Since I drive so much, I listen to a lot of podcasts and books on tape (Pro tip: if you love fiction, you must subscribe to the New Yorker fiction podcast. Start with the one where they read Bullet in the Brain. You will not regret this.).
A darling friend who's also a commuter handed off the Dave Eggers book about Sudanese lost boys, What is the What. I'd heard mixed reviews, but I'm totally engrossed. If you're feeling at all self-pitying and want to get the eff over yourself, check it out. Though if you're sensitive to, like, children being eaten by lions, watch out.
There's one part early on where the semi-fictional narrator is talking about how the walking boys -- refugees who have largely witnessed the slaughter of their entire villages -- have a hard time sleeping. They're orphans traveling across the desert with no water or food. Some of them have shoes. Boys stagger off the trail and die all along the way. I guess all that makes it a little difficult to catch Zs. One of their leaders (just a bigger boy) instructed them, as they lay down in a circle to protect themselves, to put together in your mind your best day. Think of your favorite breakfast. Then your favorite afternoon, your favorite evening. The narrator's best day includes a pretty girl, a bicycle, his mother's yellow dress.
So as I lay in bed the other night having a hard time getting to sleep, I thought about piecing together my best day. But I didn't actually end up doing that, because I quickly thought of one day that -- front to back -- was nearly perfect in itself. My 29th birthday.
My birthday is in December, and this year it was on a Sunday. It started at midnight, in a bar. I had gone out with my roommate, who'd just become my boyfriend, and one of my best friends. As we left one bar and staggered to the next, it started to snow, and we giggled and slid around. I honestly don't remember going to the last bar, but I found out later that when we walked inside, my glasses fogged up, so I took them off and stood, swaying and smiling. When someone (an acquaintance?) said hi, I blinked blindly and cheerfully said, "It's my birthday!"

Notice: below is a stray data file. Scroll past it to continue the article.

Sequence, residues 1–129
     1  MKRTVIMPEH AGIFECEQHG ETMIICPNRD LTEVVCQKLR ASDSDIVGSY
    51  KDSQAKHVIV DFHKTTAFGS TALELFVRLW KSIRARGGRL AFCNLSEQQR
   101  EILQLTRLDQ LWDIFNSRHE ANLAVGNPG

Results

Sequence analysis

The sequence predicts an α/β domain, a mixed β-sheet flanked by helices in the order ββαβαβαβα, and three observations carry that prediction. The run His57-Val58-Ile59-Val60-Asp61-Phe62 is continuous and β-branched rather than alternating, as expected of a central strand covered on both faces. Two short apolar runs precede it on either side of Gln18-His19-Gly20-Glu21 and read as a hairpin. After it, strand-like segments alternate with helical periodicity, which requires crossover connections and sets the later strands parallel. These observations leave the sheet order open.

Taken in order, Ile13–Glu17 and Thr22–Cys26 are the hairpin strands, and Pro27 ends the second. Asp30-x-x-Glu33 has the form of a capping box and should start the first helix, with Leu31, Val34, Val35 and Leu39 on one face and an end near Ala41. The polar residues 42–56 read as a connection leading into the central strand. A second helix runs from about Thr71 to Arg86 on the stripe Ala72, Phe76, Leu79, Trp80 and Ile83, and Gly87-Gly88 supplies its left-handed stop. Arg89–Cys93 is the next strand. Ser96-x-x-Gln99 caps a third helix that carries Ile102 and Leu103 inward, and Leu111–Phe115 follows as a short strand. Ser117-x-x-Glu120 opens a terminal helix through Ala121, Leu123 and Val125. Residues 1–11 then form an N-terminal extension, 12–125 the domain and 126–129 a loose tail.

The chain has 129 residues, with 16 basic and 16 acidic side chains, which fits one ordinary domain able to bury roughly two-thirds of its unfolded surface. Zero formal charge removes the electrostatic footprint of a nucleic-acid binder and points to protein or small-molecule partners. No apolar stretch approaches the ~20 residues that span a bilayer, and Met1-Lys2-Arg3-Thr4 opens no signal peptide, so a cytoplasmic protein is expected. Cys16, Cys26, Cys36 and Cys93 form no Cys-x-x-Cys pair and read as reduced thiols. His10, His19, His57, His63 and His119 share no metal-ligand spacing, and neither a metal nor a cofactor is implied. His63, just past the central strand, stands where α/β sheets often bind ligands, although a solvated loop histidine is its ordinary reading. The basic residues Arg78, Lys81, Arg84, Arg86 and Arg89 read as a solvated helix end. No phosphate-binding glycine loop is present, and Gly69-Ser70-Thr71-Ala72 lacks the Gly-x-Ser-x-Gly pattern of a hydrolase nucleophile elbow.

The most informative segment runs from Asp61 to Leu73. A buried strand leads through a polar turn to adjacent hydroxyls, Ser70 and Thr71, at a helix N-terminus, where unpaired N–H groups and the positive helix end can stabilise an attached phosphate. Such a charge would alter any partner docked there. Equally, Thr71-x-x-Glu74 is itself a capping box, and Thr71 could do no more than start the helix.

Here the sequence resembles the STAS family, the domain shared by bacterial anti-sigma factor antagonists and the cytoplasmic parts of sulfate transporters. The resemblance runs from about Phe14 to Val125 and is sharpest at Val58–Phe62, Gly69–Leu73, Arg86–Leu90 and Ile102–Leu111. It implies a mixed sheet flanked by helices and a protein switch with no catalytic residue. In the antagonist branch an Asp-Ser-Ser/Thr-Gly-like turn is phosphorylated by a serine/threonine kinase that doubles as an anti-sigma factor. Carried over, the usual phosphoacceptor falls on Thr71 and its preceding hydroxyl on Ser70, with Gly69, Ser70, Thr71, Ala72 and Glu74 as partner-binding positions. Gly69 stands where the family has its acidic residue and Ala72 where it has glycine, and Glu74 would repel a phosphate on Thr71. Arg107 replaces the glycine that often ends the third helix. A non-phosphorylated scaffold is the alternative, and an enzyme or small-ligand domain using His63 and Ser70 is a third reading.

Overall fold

I do remember that my darling roommate had stayed sober and drove us home, and on the way, I instructed him to go do some cookies in the snow somewhere. He obliged.
The next morning, my new love woke me with a thoughtful gift, and made me eggs benedict on croissants -- if you think that sounds too rich to be good, you're incorrect. Hollandaise cures hangovers, by the way.
It snowed all day. If I lived in a different town than Bend, my party would have been canceled. But the troopers started pulling into my driveway right on time, and they hucked their shoes and snowy coats in a growing pile by the door, and started filling the kitchen, unloading bags of food and wine.
I'd recently become enamored (via Lynn Rosetto Casper and a book that I refuse to link to Amazon for, because you should do like I did and order it from your local independent bookseller, goddamit, or at least from Powells) with homemade Asian dumplings, but they're really time-consuming to make. So I assigned each of about a half dozen of my gals to a filling, then told them to come over early and be ready to roll, fold, crimp and stuff. My poor roomate was stuck with a house full of chatting women who pushed up their sleeves, poured glasses of wine and got to work. As the trays of dumplings piled up, I turned on every burner of the stove and started steaming, frying and pot-sticking. The house filled with glorious smells, and the windows fogged with steam. The house hummed with our cheerful chatter.
As it got dark out, and we transitioned from cooking to eating, the husbands and boyfriends came knocking. Each time we opened the door, steam poured out into the night. Cars and even bikes piled up in the snow in my yard.
One of the husbands showed up with his two boys (whom I adore not least because as soon as they learned my name they became quite fond of it, and every time I see them they shout "Elliiiiiiiie," and how can you not love that? ) to drop off a gift for me, tease me, and bring his wife a Chanukah gift.
We ate until we were about to burst, then we tucked into the largest chocolate orange cream cake I've ever seen (The sad note here being that this cake was made by a former friend, one of those love/hate friends. We started teetering farther toward hate than love, and after I left the state without saying goodbye, she unfriended me on Facebook. I can't decide which of us is more petty.).
Anyway. This is all to say: My best day. Hot boyfriend (yeah, you know there are details of the day I'm leaving out. Use your imaaaaaagination.). Cooking and eating good food. And piles of my brilliant, hilarious friends.
Miss you guys.